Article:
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Back to the Future: The Animated Series

Updated on October 20, 2015

Back to the Future is one of those film series that has made a huge impact upon pop culture and one that, even if someone haven’t seen it, they’ll likely at least recognize references to it. Whether back to 1885 or all the way to October 21, 2015, the film trilogy’s elements of time travel and humor have captured the imaginations of people for the past 30 years.

However, this is not so much about the film series as it is a look into one of the projects that spawned from it. After the film series became popular, Universal wasted no time on cashing in on expanding the franchise to every type of visual medium, producing video games, a theme park ride, comics, and even a musical set to open next year. Naturally, of course, that would include television…

Airdates
Channel
Studio
September 14, 1991 - December 26, 1992
CBS
Universal Cartoon Studios

Premiering on September 14, 1991 at 11AM as part of CBS’s Saturday morning schedule (immediately following a full hour of Teenage Mutant Ninja Turtles, then in its fifth season), Back to the Future: The Animated Series was the first production by Universal’s newly founded “Cartoon Studios” division (which would later be renamed “Universal Animation Studios” in 2006).

Skipping a few years after the events of Back to the Future Part III, it is 1991 and Marty McFly (voiced by David Kaufman) is now a student at Hill Valley College along with his girlfriend Jennifer. Doc Brown (voiced by Dan Castellaneta) has relocated with his family to the present, but the family still travels around through time in both their steam train and a new version of the DeLorean which can be contained within a suitcase. Naturally, time travel is the main focus of the series, and while the films stuck exclusively to Hill Valley, the animated series broke free of this restriction and went to various locations such as ancient Rome, medieval Europe, Peru, London, and even Mars.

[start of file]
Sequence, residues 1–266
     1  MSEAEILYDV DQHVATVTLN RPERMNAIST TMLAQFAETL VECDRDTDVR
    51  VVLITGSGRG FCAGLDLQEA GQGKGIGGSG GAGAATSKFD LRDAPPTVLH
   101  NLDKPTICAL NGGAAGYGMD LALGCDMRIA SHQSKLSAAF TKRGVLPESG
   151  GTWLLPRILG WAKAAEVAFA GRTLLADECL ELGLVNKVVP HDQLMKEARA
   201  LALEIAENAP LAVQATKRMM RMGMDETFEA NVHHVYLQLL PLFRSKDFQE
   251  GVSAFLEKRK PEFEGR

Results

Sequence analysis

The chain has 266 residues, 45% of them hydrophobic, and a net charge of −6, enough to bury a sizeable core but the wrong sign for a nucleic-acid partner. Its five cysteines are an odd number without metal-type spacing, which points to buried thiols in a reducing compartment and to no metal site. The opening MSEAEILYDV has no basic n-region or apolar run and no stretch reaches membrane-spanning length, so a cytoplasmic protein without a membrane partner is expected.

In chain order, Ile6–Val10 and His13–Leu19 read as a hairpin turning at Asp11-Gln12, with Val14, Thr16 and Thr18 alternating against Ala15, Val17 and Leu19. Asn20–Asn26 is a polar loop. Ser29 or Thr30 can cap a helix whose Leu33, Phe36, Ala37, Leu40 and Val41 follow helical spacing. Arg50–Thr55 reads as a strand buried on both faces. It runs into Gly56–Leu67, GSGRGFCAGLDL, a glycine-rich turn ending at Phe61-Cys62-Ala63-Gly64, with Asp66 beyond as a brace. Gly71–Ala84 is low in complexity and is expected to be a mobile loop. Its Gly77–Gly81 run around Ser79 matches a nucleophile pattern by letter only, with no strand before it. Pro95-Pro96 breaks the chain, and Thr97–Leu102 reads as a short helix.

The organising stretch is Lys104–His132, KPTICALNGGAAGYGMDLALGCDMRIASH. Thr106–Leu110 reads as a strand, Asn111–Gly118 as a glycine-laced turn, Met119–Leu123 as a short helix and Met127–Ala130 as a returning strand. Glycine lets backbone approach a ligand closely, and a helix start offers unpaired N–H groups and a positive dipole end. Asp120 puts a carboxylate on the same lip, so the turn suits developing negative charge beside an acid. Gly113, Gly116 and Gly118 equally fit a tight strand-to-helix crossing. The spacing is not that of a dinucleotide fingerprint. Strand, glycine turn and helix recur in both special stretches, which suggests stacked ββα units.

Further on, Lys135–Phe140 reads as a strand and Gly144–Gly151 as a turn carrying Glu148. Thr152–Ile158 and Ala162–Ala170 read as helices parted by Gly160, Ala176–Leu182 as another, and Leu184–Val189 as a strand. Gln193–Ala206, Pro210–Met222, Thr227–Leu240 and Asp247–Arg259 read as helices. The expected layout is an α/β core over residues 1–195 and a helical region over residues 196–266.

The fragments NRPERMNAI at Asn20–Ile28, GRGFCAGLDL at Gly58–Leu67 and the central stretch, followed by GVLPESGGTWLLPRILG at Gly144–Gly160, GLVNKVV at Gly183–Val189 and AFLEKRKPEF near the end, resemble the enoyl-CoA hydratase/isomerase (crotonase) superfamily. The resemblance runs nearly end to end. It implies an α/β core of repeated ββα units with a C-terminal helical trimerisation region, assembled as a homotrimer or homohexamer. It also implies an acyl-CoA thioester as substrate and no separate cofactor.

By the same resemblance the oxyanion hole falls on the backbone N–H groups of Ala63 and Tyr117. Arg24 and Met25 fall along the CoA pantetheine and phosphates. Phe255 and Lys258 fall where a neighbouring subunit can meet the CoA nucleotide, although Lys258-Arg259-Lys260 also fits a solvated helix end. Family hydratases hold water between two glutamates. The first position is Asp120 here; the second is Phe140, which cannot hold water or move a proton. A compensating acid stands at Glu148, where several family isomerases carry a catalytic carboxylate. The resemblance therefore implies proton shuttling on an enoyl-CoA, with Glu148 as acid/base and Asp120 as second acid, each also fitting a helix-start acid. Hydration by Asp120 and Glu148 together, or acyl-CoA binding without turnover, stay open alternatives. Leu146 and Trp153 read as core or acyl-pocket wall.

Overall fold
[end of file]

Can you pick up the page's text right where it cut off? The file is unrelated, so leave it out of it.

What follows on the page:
Jules Brown
Jules Brown
Verne Brown
Verne Brown

While Marty is still the main character, many of the plots focus primarily on the Brown children, Jules and Verne. Jules follows in his father’s footsteps, being a bright intelligent boy who invents seemingly impossible things, such as a money tree or a printer that can produce newspapers from the future. Verne, on the other hand, is much more like a normal child, enjoying television and video games, while also being very popular in school.

Oddly enough, Doc Brown’s dog Einstein, who was an ordinary dog in the films, takes on a much more anthropomorphic style in the cartoon similar to other cartoon dogs. But unlike other cartoon dogs, he can still only speak through barking.

One of the most notable things about this series was the live-action segments, which featured Christopher Lloyd reprising his role as Doc Emmett Brown. In these segments, he would show kids at home different science experiments, usually using things that could be found around the house. These segments was the first time many people saw William Sanford Nye, later to be known as Bill Nye the Science Guy, performing the role of Doc Brown’s mute assistant.

The first season of the show had additional segments at the end of each episode, with Biff Tannen making a plot-relevant joke, paralleling his actor Thomas F. Wilson (who reprises the role here) and his own real life career as a stand-up comedian.

Back to the Future: The Animated Series was a moderately successful show, running two seasons and 26 episodes before leaving CBS at the end of the 1992-1993 season. The show never made the jump to cable reruns, but did briefly return as mid-season filler on ABC in early 1995, and again in early 2003 on FOX’s Fox Box block. However, the series has not been lost to the realms of low quality recordings, as to commemorate the 30th anniversary of the original film, and the arrival of the October 21st 2015 date seen in the second film, Universal has finally gave the animated series a complete DVD release.

The show itself wasn’t much, but it is forever tied to the legacy of one of the best sci-fi comedy films ever made, allowing viewers to spend just a bit more time with the McFlys and the Browns.

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